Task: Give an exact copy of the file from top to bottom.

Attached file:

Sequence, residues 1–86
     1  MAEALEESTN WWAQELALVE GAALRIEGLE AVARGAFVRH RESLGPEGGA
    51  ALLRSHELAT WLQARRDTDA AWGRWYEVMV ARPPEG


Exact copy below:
Sequence, residues 1–86
     1  MAEALEESTN WWAQELALVE GAALRIEGLE AVARGAFVRH RESLGPEGGA
    51  ALLRSHELAT WLQARRDTDA AWGRWYEVMV ARPPEG